Pathfinder: Kingmaker Reviews, Interview

Owlcat Games released Pathfinder: Kingmaker slightly over a week ago to very little media fanfare. Even so, several reviews for the Infinity Engine-inspired cRPG are already available. They paint a mildly positive picture if you take them at face value, but if you read between the lines and apply a Baldur’s Gate-tinted filter to those reviews, Kingmaker begins to sound like a game you really shouldn’t overlook:

PC Gamer 69/100:

There’s a lot to like in Kingmaker, and it’s clear the dev has a passion for this classic era of PC role-playing—which, in the case of its often absurd level of difficulty, isn’t always a good thing. But it hasn’t grabbed me as firmly as those games, or recent examples of the genre’s resurgence such as Divinity: Original Sin or Pillars of Eternity. The story, visual design, and setting offer little I haven’t seen in a dozen other fantasy games, and I wasn’t as beguiled by it as much as I’d hoped. Once upon a time a good CRPG was hard to find, but now we’re slightly spoiled for choice and Kingmaker doesn’t quite stack up with the best, even if it does get a lot right and throws a few neat new ideas into the mix.

ScreenRant 4/5:

If there are any stumbles present in Pathfinder: Kingmaker, it’s in the pace of play. While the combat itself is fluid and moves in real-time, the narrative moves slowly, and the emphasis on passing days or weeks can be a real drag. While it makes sense that the campaign would feature an open world and a lot of choices to be made, sometimes it comes across as more aimless than inspiring. The introduction of the game, in particular, drags – players don’t even get access to their Barony for several hours, which is puzzling since it’s one of the more innovative and welcome elements of the title. That’s a major issue, since RPGs are already time sinks and failing to make much of an impression in the first six-or-so hours of gameplay is playing with fire.

That being said, there’s plenty to dig into in Pathfinder: Kingmaker, and even if the early introduction overstays its welcome, there are many more hours afterwards that make the game worth the wait. If gamers can find room for yet another long, beautifully-crafted isometric RPG in their schedules, they probably can’t do much better for recent offerings than Pathfinder: Kingmaker.

GameSkinny 8/10:

Pathfinder: Kingmaker is a breath of fresh air in a fairly stale RPG landscape. It takes some seriously bold risks, and they pay off for the right audience. If you’re a fan of tabletop RPG games, or you’re looking for an unexpected challenge in the form of something truly different, you won’t be disappointed.

It’s important to note that the launch of the game was plagued with a really nasty bug causing saved games to fail to load. While there are some easy temporary fixes on Windows, Mac and Linux players are having a rougher time of it.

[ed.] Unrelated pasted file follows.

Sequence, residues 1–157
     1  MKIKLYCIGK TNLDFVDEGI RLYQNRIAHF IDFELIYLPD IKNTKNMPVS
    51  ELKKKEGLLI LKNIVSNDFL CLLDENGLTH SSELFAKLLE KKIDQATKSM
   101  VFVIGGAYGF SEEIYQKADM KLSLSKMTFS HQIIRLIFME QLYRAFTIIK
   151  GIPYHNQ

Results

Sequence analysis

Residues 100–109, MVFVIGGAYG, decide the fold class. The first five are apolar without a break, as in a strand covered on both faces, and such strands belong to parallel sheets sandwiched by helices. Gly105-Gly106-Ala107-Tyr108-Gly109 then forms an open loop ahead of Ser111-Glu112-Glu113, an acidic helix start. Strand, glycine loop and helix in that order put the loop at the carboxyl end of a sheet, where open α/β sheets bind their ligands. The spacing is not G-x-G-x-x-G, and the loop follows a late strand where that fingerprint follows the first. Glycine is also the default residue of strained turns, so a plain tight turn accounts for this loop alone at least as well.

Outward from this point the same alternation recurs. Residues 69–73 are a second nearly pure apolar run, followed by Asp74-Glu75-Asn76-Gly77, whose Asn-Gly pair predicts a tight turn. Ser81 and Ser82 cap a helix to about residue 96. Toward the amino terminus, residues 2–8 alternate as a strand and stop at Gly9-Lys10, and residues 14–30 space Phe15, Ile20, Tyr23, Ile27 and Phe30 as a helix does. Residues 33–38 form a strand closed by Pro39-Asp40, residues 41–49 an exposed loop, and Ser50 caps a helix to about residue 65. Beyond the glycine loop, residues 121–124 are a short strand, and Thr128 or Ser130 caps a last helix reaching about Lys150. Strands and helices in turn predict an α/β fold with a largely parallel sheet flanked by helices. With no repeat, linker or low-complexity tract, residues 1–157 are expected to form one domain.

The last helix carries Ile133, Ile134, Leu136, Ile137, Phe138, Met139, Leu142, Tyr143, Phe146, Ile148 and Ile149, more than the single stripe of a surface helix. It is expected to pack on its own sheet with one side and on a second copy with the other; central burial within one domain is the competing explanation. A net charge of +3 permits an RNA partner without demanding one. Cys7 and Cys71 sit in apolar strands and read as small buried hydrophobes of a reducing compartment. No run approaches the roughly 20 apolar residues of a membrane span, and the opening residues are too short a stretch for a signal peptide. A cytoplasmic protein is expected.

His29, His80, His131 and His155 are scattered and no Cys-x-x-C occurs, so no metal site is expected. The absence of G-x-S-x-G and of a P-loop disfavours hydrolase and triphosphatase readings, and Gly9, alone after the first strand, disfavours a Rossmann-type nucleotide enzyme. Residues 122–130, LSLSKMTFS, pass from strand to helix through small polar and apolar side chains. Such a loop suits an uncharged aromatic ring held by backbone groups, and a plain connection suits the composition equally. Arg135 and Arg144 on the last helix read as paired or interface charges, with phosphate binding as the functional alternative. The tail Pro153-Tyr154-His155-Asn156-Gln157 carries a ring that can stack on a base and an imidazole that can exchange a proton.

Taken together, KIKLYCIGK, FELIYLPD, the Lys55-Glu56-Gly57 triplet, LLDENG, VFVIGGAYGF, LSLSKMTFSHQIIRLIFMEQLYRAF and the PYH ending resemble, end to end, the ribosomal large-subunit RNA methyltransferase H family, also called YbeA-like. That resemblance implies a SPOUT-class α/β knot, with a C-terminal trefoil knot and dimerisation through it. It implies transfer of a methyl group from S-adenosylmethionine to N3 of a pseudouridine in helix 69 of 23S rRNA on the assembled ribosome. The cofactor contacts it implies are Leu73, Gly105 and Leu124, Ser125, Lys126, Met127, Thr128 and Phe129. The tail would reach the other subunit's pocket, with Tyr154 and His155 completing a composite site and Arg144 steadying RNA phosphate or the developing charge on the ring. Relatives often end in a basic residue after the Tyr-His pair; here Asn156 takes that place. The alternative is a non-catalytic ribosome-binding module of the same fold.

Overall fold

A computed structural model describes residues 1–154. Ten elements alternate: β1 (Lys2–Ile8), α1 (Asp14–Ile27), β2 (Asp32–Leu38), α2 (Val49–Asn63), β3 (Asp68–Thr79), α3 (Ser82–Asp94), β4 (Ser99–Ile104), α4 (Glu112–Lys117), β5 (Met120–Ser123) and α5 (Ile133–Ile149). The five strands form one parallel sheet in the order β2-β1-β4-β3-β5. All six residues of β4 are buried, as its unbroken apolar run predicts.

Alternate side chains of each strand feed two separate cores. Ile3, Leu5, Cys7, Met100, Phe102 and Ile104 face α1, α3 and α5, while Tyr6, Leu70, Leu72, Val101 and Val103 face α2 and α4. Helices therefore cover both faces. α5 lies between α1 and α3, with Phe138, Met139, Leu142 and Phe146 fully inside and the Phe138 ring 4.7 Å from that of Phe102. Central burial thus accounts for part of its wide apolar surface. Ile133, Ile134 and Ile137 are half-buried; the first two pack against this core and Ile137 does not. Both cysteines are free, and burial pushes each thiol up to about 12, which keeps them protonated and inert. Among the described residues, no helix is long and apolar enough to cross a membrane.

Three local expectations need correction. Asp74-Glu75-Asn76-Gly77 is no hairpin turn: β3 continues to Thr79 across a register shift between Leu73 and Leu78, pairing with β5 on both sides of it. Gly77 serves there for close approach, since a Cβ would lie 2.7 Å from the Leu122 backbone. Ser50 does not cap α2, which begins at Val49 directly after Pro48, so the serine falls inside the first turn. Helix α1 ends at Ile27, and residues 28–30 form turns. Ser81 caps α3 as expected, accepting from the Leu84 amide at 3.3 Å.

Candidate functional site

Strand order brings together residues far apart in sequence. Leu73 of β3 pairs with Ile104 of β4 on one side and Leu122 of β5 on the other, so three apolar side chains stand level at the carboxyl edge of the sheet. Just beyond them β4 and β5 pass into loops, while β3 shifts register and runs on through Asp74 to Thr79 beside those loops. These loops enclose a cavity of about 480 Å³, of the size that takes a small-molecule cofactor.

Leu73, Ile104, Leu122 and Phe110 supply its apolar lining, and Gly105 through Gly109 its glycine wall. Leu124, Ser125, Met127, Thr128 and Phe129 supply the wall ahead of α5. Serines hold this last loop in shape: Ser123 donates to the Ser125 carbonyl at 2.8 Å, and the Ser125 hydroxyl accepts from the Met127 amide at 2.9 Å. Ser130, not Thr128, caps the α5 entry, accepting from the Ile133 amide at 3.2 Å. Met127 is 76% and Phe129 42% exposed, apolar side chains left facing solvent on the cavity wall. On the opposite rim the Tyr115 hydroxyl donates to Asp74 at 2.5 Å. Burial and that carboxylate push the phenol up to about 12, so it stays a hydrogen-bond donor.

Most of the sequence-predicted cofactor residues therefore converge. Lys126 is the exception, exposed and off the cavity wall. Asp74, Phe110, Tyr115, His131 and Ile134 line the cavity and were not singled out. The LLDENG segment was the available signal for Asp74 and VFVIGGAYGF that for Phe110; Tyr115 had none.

In reviewing this game on Linux, it was extremely frustrating having to start the entire game over every time the full party died because saved games couldn’t load. That said, it’s just a bug, and hopefully, it’ll be fixed soon.

Pathfinder: Kingmaker set out to bring the look, feel, and gameplay experience of a classic tabletop RPG to the PC and, in that, is an absolute success. It’s not without its flaws, but all of them could be corrected with additions and further content patches, which a game like this lends itself to very well.

On top of those reviews, there’s also a recent interview with Owlcat’s studio head Oleg Shpilchevsky and the one and only Chris Avellone. Here are a few sample paragraphs that should tell you all you need to know:

“Baldur’s Gate was always our beloved reference,” said Shpilchevsky. “We strove to recreate the best feelings one may remember from playing this great game. It did not mean our only goal was to make a blunt copy of Baldur’s Gate, but let us be honest, the ‘Would Baldur’s Gate be better with this stuff?’ benchmark was applied almost to every new feature or piece of content we were considering.”

But to effectively marry the Pathfinder universe to what Owlcat loved about Baldur’s Gate, Kingmaker needed something more. Pathfinder fans coming to the game would be looking to recreate at least some of their feelings from their tabletop experiences, something that isn’t easily replicated in an entirely single-player campaign.

“From our point of view, the most challenging thing is to recreate the atmosphere of a friendly table playthrough with all the jokes, passionate discussions, curses, etc,” said Shpilchevsky. “That’s why one of our main focuses was the player’s companions – to bring more life to their characters, let them react to your actions according to their personalities, or to support or leave or even betray you depending on player choices.”

To that end, Owlcat needed a strong narrative created by experienced narrative designers. And for that the studio turned to veteran scriptwriter and Obsidian Entertainment co-founder Chris Avellone, whose numerous writing credits include Fallout 2, Fallout: New Vegas, Neverwinter Nights 2, Star Wars: Knights of the Old Republic, Divinity: Original Sin II, and Pillars of Eternity.

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Val Hull
Val Hull

Resident role-playing RPG game expert. Knows where trolls and paladins come from. You must fight for your right to gather your party before venturing forth.

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